Guest post by Jennie Richards
I attended the third meeting of this group on behalf of SUPER and was very impressed with the level of interest in both the new “network of networks”(there were well over 70 delegates from a range of schools and institutions) and our work at SUPER. I had been asked to be on the panel discussion for the final session, which gave me an opportunity to talk briefly about SUPER. Also, to ask for suggestions for the content of the next meeting, which Cambridge is hosting in a twilight session next term (date to be confirmed).
The previous two meetings (at Eton College and the Institute of Education) were mainly about justifications for the new network, arguments for teachers researching their practice and some of the current thinking from academics and organisations involved in promoting evidence based practice in schools. This meeting was different in that it seemed to be more focused on giving concrete examples of the structures and current projects being created and undertaken in schools and networks, showcasing and evaluating the impact of some of their findings. Prof Bill Lucas from the University of Winchester acted as facilitator, and the hosting was organised by Christ the King Sixth Form College.
Sessions were delivered by:
- CtK, the hosts, a consortium of 3 sixth form colleges whose CPD model was described, demonstrating the growing research culture across the institution, giving flavours of collaborative projects and outcomes of research from teachers involved.
- Eton College gave a presentation about their current progress, in particular focusing on the work of their Researcher in Residence.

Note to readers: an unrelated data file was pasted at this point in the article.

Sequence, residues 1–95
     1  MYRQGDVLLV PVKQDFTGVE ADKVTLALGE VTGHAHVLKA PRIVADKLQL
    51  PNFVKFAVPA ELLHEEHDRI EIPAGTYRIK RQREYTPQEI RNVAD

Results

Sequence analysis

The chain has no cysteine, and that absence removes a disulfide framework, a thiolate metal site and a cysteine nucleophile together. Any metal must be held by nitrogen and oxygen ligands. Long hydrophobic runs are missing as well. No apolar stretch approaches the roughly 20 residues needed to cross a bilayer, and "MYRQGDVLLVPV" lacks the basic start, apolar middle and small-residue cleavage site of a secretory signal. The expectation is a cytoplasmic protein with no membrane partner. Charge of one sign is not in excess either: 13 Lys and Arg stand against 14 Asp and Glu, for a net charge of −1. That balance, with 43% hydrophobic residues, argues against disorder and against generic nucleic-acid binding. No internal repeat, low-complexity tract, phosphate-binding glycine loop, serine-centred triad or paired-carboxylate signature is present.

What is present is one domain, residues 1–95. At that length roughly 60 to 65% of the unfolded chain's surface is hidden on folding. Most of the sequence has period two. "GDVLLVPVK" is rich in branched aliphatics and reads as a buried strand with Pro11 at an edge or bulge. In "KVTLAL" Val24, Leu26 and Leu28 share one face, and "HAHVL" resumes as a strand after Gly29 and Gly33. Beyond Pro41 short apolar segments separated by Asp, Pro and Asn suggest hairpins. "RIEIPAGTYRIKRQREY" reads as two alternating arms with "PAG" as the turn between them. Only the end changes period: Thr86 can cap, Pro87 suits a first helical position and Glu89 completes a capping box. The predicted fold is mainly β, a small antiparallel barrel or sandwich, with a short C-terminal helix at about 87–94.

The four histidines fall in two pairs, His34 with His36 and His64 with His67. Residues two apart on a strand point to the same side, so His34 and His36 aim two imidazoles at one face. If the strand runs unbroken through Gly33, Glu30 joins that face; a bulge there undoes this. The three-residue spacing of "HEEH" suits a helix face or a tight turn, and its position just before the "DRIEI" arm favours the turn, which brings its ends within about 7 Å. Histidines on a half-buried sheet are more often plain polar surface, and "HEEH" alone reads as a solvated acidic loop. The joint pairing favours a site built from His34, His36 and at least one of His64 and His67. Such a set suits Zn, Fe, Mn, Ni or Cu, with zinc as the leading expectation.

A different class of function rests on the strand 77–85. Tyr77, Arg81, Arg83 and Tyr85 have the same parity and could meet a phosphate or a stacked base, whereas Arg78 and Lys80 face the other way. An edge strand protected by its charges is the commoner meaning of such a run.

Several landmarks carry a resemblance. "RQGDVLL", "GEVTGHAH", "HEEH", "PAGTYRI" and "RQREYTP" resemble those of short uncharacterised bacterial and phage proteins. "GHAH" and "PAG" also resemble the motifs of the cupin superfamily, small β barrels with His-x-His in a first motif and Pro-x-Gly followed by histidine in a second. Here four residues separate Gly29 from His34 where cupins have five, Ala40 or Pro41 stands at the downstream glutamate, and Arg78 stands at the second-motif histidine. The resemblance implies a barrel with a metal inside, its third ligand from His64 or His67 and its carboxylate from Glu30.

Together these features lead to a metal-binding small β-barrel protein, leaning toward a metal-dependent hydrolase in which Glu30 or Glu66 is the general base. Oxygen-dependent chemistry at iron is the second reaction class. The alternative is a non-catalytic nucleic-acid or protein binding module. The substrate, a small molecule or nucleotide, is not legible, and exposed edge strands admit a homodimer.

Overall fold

- The Greenwich R and D partnership with the IoE, covering primary and secondary schools, described their more emergent stage of development as a research partnership.
Each session was followed by table discussion of what had been heard, plus the panel discussion later.
There was much talk of the range of options for schools to become involved in collaborative teacher research and there were plenty of opportunities to view not only the successes, but also the challenges that are involved. There was much emphasis on learning as opposed to performance, and a genuinely collaborative and optimistic culture seems to be emerging in the group. I believe it has the potential to be a powerful voice to promote SUPER, its values and aims.
Suggestions for the meeting at Cambridge which emerged from the group included:
- More understanding of how networks and partnerships can be created and sustained
- Support structures for developing deep learning
- How to develop peer-led professional development
- What tools can be used/are needed to facilitate research informed practice
- How to evaluate impact and effectiveness
The next meeting at Cambridge should therefore focus on some of these issues. I would suggest that a mixture of theory and examples of relevant practice have been well received by this group, with plenty of discussion opportunities and a similar structure would be appropriate. The audience is mixed in terms, of schools (both independent and state), universities and representatives from various organisations such as CUREE. Some of the audience are experienced in promoting research cultures in schools, whereas others are at the start of their journeys. Hopefully SUPER will be hosting an interesting, informative and stimulating event which will enable this new network to move forward and flourish.